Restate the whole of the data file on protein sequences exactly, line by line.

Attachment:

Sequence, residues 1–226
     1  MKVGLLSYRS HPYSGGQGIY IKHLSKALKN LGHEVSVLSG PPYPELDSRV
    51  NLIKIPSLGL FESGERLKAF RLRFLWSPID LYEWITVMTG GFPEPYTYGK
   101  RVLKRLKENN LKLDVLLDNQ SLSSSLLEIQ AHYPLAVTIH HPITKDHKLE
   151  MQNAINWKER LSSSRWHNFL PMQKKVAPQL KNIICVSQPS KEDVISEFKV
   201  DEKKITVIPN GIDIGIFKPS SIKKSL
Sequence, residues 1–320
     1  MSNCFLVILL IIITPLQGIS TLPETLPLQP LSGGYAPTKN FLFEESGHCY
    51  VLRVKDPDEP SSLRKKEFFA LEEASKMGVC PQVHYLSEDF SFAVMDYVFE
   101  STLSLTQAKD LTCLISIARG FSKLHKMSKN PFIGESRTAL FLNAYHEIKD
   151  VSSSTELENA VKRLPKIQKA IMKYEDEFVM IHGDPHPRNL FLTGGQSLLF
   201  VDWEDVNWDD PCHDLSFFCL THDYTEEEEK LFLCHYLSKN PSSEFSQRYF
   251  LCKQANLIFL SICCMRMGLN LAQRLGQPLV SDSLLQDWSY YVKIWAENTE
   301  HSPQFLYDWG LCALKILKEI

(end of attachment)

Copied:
Sequence, residues 1–226
     1  MKVGLLSYRS HPYSGGQGIY IKHLSKALKN LGHEVSVLSG PPYPELDSRV
    51  NLIKIPSLGL FESGERLKAF RLRFLWSPID LYEWITVMTG GFPEPYTYGK
   101  RVLKRLKENN LKLDVLLDNQ SLSSSLLEIQ AHYPLAVTIH HPITKDHKLE
   151  MQNAINWKER LSSSRWHNFL PMQKKVAPQL KNIICVSQPS KEDVISEFKV
   201  DEKKITVIPN GIDIGIFKPS SIKKSL
Sequence, residues 1–320
     1  MSNCFLVILL IIITPLQGIS TLPETLPLQP LSGGYAPTKN FLFEESGHCY
    51  VLRVKDPDEP SSLRKKEFFA LEEASKMGVC PQVHYLSEDF SFAVMDYVFE
   101  STLSLTQAKD LTCLISIARG FSKLHKMSKN PFIGESRTAL FLNAYHEIKD
   151  VSSSTELENA VKRLPKIQKA IMKYEDEFVM IHGDPHPRNL FLTGGQSLLF
   201  VDWEDVNWDD PCHDLSFFCL THDYTEEEEK LFLCHYLSKN PSSEFSQRYF
   251  LCKQANLIFL SICCMRMGLN LAQRLGQPLV SDSLLQDWSY YVKIWAENTE
   301  HSPQFLYDWG LCALKILKEI